Electricity: Canadian firm demands N3.72bn to manage transmission company, Wednesday, 04 Apr 2012  
 

(The Punch) A Canadian firm, Manitoba Hydro International, has demanded the sum of $23.72m (about N3.72bn) from the Federal Government to run the Transmission Company of Nigeria for three years. Manitoba, whose financial bid for the management of TCN, one of the successor companies of the Power Holding Company of Nigeria, was opened on Tuesday, emerged the sole bidder since the second firm, Power Grid of India, failed to meet the technical requirement. The National Council on Privatisation chaired by Vice-President Namadi Sambo, had on March 26, 2012, approved that Manitoba be invited for simultaneous opening of its financial proposal and commencement of contract negotiations as the management contractor for TCN. Speaking at the financial bid opening, the Minister of Power, Prof. Bart Nnaji, asked the Canadian firm to review the management fee downwards.

Consequently, a six-man team was constituted to handle the negotiation with the prospective management contractors. Nnaji said, "They are not going to get rid of TCN workers, but they will bring in a few people to work with the TCN people, and more importantly, they will bring their expertise. "We anticipate that in the next one month, they will start. They will bring in speed, be able to anticipate issues and problems and address them proactively. This is what we don't have in the public service." Also speaking at the ceremony, the Director-General, Bureau of Public Enterprises, Ms. Bolanle Onagoruwa, said the quality and cost-based selection method of the World Bank was used for the transaction. She said, "The technical proposals were evaluated based on the transmission-loss-reduction network improvement and capacity transfer strategy.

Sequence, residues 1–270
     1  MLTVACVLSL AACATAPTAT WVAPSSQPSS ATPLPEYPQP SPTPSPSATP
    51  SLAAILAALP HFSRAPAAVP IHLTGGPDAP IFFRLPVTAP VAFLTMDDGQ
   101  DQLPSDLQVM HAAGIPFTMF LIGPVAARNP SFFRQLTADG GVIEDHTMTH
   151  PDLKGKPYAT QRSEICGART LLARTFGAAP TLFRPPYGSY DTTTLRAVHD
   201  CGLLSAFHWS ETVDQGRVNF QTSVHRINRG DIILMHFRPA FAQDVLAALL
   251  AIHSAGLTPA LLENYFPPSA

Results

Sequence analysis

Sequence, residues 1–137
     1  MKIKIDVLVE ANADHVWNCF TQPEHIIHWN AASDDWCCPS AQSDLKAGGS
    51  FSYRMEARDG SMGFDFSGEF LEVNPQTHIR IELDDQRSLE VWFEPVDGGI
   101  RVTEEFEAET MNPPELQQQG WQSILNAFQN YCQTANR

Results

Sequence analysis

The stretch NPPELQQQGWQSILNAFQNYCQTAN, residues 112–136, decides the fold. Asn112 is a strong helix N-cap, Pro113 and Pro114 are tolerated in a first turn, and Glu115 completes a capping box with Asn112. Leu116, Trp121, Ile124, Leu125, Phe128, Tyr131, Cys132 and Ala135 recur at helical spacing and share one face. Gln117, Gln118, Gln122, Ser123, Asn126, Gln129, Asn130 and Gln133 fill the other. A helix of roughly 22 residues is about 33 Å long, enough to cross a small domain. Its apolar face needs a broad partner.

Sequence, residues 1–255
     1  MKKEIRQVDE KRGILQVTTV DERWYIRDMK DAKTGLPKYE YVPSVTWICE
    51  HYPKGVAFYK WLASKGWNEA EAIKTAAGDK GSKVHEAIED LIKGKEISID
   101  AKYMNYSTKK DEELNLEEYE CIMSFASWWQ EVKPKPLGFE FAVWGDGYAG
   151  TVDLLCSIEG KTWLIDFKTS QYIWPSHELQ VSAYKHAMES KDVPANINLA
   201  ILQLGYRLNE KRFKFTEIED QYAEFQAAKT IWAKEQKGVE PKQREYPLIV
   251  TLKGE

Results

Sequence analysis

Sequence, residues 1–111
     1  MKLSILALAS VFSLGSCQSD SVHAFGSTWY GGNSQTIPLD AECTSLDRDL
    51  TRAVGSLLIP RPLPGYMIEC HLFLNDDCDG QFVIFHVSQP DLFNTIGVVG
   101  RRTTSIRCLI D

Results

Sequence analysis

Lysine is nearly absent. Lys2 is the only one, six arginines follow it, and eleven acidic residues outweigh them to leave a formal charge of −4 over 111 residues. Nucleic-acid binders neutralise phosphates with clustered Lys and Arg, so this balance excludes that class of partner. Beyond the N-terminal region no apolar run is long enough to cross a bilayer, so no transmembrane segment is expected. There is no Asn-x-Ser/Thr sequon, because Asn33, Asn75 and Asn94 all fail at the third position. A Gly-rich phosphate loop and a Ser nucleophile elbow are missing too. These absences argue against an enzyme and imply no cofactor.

"The intent is to have a transmission company that will be capable of containing the anticipated changes in the electricity supply industry and market." †According to her, the management contract is designed to reduce electricity losses during transmission; provide for the achievement of certain predetermined targets that will improve grid security and general performance; and have reward and penalty clauses as incentives for success. It will also provide efficient management of government investments; ensure adequate and equitable generation dispatch, according to a fair merit order based on sound regulatory principles; ensure fair market settlements between electricity traders; and provide for skills and expertise transfer to Nigerians, who will serve in deputy and other positions on the management staff of the management contractor.

 
     
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